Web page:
If you want to be picking fresh, ripe tomatoes until Thanksgiving, now is the time to plant your favorite tomato variety in your garden!

The plants will love the warm soil and reward you with quick growth. By the time the plants are mature enough to begin blossoming, the night time temperatures will have dipped below 75 degrees, which will encourage them to begin flowering and setting fruit. And when the fall rains begin, the plants will flourish.

Here are my top ten tips for success when growing tomatoes:

1. Choose plants that have creds. The “degrees” include: VF (resistance to Verticillium and Fusarium Wilt), VFN (resistance to Verticillium and Fusarium Wilt plus Nematode resistance), and T (resistance to Tobacco Mosaic Virus). These are all soil-born viruses that reside in the soil.

2. Choose a location that will provide at least six hours of full sun.

3. When planting, handle the transplants by the leaves so that you don’t risk crushing the stem which will cut off the water/nutrient supply and stunt or kill the plant.

4. Space plants at least three feet apart so they have room to grow and have good air circulation.

5. Remove the lower two sets of leaves and plant deeply so that the next set of leaves are just barely above the soil.

6. While it’s possible to grow tomatoes without support, it’s best to provide some type of cage to keep the plants upright and receive the maximum amount of sunlight.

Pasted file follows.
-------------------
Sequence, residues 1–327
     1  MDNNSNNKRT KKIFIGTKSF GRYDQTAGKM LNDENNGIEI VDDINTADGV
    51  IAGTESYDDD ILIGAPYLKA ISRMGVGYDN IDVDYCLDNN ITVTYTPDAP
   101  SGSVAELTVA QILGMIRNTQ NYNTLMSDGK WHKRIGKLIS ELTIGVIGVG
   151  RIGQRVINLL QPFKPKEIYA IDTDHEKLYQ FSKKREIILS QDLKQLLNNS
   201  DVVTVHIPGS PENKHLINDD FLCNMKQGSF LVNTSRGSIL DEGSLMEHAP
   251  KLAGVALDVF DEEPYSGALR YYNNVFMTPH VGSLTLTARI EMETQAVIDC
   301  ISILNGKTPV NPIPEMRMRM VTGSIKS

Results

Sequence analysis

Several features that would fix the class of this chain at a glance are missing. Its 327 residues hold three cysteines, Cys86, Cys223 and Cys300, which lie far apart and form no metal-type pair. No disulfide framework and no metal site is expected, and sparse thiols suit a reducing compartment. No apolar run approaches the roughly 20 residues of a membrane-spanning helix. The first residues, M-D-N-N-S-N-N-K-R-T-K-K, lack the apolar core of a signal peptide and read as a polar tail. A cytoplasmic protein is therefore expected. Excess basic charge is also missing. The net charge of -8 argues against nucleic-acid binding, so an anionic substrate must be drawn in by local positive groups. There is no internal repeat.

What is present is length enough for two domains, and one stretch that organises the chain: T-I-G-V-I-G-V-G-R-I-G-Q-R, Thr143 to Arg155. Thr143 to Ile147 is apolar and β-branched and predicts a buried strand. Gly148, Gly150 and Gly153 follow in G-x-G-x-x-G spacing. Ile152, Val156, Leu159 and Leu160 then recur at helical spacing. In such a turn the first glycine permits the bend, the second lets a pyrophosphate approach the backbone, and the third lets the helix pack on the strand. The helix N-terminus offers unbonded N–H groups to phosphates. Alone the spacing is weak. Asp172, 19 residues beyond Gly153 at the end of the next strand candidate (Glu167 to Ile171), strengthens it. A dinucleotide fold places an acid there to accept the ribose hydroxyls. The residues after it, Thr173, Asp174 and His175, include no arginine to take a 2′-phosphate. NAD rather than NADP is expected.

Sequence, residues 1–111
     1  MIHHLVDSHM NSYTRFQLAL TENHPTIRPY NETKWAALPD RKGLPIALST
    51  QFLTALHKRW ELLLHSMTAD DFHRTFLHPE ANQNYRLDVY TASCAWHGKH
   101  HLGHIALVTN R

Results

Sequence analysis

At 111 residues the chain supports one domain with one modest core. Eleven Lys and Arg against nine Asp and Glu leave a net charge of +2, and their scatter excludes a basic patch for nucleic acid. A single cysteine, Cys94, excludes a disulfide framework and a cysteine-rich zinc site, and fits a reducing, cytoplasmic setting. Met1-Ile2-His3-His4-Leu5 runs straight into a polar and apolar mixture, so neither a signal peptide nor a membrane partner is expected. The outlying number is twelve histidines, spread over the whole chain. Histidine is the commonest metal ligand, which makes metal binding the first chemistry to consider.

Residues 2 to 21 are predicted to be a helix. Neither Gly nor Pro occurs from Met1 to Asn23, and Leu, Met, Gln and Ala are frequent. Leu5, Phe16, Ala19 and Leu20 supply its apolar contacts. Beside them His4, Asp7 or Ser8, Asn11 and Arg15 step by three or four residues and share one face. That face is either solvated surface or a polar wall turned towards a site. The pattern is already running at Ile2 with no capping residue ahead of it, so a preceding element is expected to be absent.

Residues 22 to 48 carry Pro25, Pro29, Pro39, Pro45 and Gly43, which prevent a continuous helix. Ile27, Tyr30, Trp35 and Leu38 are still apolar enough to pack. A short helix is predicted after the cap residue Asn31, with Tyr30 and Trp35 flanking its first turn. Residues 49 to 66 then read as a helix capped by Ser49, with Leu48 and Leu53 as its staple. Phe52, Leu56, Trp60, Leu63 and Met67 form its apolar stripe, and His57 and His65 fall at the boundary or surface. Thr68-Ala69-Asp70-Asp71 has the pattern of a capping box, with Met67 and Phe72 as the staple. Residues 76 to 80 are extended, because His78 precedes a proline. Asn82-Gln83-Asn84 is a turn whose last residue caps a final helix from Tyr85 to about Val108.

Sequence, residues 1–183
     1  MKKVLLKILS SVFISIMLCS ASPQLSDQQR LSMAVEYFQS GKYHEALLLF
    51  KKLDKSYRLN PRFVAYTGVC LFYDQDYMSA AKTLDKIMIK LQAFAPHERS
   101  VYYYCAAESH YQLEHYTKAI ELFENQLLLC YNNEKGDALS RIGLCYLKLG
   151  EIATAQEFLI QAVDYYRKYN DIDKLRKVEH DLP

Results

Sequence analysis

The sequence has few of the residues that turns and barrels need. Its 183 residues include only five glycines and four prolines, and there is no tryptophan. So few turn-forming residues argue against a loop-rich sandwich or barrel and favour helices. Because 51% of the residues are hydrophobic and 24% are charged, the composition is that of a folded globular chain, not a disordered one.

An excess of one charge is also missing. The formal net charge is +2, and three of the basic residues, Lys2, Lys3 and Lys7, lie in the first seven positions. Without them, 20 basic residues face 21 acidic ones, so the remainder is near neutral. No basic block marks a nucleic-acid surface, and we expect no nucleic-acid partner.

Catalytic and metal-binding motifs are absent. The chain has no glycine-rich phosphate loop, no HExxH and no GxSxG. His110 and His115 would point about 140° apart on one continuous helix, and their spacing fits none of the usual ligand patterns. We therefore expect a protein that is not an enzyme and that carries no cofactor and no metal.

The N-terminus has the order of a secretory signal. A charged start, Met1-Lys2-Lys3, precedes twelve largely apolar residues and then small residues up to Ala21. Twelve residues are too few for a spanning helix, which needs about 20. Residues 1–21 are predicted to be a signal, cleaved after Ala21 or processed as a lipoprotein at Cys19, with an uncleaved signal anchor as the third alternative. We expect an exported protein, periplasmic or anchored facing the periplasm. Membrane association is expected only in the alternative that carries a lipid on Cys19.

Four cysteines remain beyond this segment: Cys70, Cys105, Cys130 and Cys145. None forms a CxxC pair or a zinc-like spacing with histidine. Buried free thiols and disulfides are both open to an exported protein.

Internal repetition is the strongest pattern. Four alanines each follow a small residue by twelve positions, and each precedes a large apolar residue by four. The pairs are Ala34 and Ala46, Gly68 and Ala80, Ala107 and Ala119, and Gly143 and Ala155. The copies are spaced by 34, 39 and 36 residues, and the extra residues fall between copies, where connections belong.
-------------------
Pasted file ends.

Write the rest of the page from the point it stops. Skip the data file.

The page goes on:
7. Add several cups of compost and a tablespoon of Superphosphate to the planting hole.

8. Mix root stimulator and water according to label directions, and give the plants a healthy drink. Water every day for a week to get the plants off to a good start.

9. As the plants begin to grow, prune the lower leaves of the plant to increase air circulation. I struggle with remembering to remove suckers, but more experienced vegetable gardeners say it’s important.

10. Fertilize the plants every week with a balanced fertilizer that has a slow release Nitrogen source.

Oh, and one final tip: Hang red plastic Christmas ornaments on the tomato supports after planting and you’ll foil the bunnies and the birds. After several times of encountering the hard ornaments, they’ll stay away when the real fruits begin to mature.

There’s nothing like a fresh, ripe tomato and so many ways to enjoy them.  My favorite: just a little salt and a splash of good olive oil and balsamic vinegar. Enjoy!

Check out other tomato recipes on our website:

Tomato Soup, Coconut Tomato ChutneyTomato Dal, Tomato Onion Raita, Roasted Eggplant and Tomato Chutney and last but not the least,Tomato Chutney

Beth DiGioia is a Garden Coach in the North Texas area. With the knowledge obtained through years of formal education, hands-on learning, and teaching, she collaborates with gardeners to create beautiful gardens that are functional and livable. Visit her at www.L3h2inc.com

Subscribe to our Weekly Newsletter

News.  Tips.  Recipes.  Lifestyle. Blogs.  Never shared with Third Parties - Ever.

You have Successfully Subscribed, thank you! Our newsletter will be delivered to your email Inbox on Fridays. Please add us to your Address Book to make sure our emails don't get stuck in your Spam folder.

Pin It on Pinterest

Share This

Share This

Share this post with your friends!